On Writing about the Royals (and Treating them as Humans)
For two years, I shadowed him, interacted with him, enjoyed the odd walk with him and an even odder dinner. He elbowed his way into my waking thoughts and invaded my dreams. “I can’t wait to stop thinking about you,” I once exclaimed, to his, and my, surprise. Finally, with publication of my book, came closure, or so I believed. Now, as a new edition hits the headlines and the shelves, Prince Charles is back in my life, and I have mixed feelings about it.
Relationships between biographers and living subjects tend to be complicated. Any author who approaches the task with settled conclusions or a single animating emotion is going to make a hash of it, whether that emotion is adoration or seething hatred (and royal biography appears more susceptible to these extremes than other categories). Ideally a writer should keep a critical distance, but unless you’re hacking out a potboiler, that’s not the same thing as remaining disengaged. To be a biographer is to be an obsessive.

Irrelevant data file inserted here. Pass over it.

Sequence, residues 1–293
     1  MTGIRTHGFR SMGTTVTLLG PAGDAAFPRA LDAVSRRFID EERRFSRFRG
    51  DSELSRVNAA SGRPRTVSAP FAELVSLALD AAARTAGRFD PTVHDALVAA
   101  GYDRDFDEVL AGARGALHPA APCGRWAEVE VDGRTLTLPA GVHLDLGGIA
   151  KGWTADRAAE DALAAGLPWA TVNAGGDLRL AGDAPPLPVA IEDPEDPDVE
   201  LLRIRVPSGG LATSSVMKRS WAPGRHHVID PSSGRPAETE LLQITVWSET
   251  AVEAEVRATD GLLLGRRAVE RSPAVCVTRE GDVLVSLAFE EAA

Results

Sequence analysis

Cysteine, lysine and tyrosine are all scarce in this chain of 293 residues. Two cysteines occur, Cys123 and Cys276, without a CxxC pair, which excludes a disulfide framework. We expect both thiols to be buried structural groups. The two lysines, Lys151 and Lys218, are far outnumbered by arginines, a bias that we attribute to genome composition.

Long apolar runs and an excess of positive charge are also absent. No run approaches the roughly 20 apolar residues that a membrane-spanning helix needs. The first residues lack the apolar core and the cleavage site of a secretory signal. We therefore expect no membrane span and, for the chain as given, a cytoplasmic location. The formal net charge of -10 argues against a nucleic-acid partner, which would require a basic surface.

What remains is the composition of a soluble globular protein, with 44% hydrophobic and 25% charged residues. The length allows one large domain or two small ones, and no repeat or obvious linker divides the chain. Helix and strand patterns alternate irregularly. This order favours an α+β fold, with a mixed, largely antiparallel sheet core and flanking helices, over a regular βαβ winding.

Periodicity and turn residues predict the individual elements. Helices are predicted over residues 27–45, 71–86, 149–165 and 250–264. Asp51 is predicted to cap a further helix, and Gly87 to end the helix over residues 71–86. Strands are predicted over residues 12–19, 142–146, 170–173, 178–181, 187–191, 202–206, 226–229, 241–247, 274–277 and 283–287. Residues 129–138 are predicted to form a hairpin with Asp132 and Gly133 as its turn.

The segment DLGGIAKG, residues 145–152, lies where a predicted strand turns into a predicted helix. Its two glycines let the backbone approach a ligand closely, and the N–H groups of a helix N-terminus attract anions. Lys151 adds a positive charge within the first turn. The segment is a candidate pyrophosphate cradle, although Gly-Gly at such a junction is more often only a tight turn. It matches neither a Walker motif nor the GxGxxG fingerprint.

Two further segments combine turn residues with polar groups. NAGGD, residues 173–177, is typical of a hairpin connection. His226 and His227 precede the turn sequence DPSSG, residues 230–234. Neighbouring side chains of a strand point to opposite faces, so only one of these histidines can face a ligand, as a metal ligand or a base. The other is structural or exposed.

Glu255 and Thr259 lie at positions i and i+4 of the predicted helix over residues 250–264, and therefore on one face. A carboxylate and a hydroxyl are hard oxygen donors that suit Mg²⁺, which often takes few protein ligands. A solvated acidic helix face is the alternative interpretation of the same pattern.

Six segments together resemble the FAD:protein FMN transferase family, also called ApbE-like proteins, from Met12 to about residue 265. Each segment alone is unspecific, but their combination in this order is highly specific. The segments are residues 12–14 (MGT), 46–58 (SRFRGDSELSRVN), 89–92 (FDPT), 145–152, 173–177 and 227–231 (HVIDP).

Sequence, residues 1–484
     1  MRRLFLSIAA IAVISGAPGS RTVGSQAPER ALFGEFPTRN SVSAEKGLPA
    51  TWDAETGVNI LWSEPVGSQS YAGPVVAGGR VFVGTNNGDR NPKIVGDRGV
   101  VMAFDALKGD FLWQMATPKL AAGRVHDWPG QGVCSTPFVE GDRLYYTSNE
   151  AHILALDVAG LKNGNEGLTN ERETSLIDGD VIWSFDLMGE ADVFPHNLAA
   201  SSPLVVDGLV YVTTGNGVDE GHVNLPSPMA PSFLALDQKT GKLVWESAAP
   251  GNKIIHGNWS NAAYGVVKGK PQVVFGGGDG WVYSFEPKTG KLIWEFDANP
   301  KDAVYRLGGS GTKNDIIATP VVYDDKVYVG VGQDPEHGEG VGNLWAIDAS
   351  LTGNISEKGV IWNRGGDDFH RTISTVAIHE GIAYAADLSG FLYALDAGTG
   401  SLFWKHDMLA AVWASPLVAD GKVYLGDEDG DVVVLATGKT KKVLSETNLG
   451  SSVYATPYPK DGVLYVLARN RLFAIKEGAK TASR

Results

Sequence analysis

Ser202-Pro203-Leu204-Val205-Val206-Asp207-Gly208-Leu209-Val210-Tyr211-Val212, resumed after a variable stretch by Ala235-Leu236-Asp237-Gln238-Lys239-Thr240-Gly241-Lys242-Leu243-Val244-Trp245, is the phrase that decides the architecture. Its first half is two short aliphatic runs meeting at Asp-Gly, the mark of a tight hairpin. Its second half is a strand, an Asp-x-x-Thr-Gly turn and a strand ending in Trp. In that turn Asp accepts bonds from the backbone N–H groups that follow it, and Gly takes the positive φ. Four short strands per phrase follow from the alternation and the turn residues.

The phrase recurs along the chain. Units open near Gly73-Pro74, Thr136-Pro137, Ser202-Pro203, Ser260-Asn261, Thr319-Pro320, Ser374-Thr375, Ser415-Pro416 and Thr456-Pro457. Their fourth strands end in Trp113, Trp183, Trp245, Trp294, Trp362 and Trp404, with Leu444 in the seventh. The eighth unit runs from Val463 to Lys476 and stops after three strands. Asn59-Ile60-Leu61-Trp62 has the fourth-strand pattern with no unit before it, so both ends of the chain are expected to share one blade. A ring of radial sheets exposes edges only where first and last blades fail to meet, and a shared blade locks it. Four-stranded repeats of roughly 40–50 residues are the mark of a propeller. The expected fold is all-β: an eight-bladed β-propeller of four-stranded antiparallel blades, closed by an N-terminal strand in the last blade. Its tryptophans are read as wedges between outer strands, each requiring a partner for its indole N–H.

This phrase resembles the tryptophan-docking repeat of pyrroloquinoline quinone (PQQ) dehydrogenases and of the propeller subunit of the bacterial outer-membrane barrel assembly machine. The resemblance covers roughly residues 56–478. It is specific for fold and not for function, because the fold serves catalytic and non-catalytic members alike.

While researching my book, I hoovered up details about Charles. When I was with him, I took endless photographs of his hands, of those famous ears, of his shoes. The images were intended as aides-memoires, but they also tell stories. His favourite Oxfords, for example, have seen half a century of service, buffed and polished to a sheen that speaks both to their owner’s life in the public eye and his dependence on valets. He often clasps his hands behind his back lest, given their freedom, they accidentally semaphore what he’s thinking.
Members of his inner circle tell me that I correctly divined many of his thought processes despite the barriers erected by aides and layers of official secrecy. Who knows if he’d agree with this assessment—I doubt he’s read the book—but if a biography is challenged by its subject, that doesn’t mean it’s wrong. Few people know themselves as well as they imagine.